Under this archaic law, families who have lost a loved one on the high seas due to the negligence of the shipping company are entitled to recover only the lost wages and burial expenses of the decedent.  In cases where the dead passenger is a child or a retired grandfather or grandmother, and hence no wages to be recovered, the recovery is limited to funeral expenses.  There is no entitlement to the decedent's pre-death pain and suffering or the sadness, bereavement and mental anguish of the surviving family members.  

The current status of DOHSA provides no financial incentive for the cruise lines to improve their operations to make cruising reasonably safe for the traveling public.  I have written a number of articles about DOHSA over the years, including "If a Cruise Line Drops Your Grandmother in the Ocean, Don't Expect Any Compensation." 

Cruise lines love DOHSA.  Even when a cruise line is clearly negligent or even acts recklessly, there is no accountability when that negligent or reckless conduct kills a child or elderly passenger.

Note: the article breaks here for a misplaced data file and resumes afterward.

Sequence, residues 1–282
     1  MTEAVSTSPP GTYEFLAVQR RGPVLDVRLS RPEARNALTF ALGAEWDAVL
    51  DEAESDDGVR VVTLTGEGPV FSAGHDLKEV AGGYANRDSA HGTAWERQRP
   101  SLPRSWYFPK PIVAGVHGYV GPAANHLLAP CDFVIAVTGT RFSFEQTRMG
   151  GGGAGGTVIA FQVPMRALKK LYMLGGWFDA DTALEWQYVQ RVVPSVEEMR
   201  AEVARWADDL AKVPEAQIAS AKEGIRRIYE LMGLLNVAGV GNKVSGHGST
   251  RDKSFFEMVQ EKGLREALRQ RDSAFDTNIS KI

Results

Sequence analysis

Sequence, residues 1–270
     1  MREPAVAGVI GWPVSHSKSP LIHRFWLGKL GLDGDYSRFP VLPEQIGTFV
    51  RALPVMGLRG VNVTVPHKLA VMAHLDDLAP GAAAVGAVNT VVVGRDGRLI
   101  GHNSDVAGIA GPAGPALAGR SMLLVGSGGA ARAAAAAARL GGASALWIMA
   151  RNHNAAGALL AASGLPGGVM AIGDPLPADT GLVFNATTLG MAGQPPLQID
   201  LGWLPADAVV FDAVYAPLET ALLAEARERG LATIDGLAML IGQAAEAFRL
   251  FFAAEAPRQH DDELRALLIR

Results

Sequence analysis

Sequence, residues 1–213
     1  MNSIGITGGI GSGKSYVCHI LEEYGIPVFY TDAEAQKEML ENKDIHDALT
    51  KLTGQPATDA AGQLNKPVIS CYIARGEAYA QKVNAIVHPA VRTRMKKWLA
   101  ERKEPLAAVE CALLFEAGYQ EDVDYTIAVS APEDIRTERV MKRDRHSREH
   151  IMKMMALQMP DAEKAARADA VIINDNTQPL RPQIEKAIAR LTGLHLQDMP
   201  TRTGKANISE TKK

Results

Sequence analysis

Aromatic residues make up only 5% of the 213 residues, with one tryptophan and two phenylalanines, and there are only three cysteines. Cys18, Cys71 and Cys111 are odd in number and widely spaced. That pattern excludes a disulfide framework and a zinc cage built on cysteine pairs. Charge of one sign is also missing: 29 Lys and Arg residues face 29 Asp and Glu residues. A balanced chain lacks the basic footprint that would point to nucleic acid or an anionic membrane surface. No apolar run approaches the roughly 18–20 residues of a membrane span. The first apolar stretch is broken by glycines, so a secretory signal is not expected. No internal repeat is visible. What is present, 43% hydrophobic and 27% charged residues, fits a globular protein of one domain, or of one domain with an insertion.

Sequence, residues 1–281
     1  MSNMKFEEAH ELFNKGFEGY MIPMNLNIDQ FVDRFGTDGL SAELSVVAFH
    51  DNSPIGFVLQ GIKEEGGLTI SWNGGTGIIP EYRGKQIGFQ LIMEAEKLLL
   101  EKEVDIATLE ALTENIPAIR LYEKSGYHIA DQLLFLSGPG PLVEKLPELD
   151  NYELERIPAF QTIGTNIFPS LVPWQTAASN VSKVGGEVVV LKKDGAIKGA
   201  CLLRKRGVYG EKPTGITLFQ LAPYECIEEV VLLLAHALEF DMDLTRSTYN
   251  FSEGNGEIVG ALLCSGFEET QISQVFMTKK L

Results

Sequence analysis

The cruise lines and their trade organization, Cruise Line International Association ("CLIA"), have spent millions lobbying Congress to kill efforts to amend the law to include additional remedies. Two years ago, when victim groups were getting close to amending DOSHA, CLIA and its lobbyists went into overdrive and killed the amendment.

Tandy Bondi and Christine DuffyTake a moment and read: "Cruise Industry Lobbies Congress To Kill Amendment To Death On High Seas Act." 

You can read about how Alcalde & Fay lobbyists, including Tandy Bondi, met with Congressmen and Congresswomen to derail efforts to amend DOHSA back in 2010.

The issue of DOHSA came back into the news last week during the Congressional cruise safety hearings.  

Congresswoman Mazie Hirono of Hawaii raised the issue why families have virtually no legal remedies when they lose a family member during a cruise, but enjoy the full range of remedies if the accident occurs in an automobile or airplane.  She asked the cruise line panel whether they thought this was fair.

Congresswoman Hirono asked CLIA's President and CEO Christine Duffy to answer first.  Ms. Duffy was unprepared for the question and initially did not respond.  Everyone in the hearing room knew that CLIA was absolutely against amending DOHSA, and that the victims groups, like the International Cruise Victims (ICV), were absolutely for the amendment.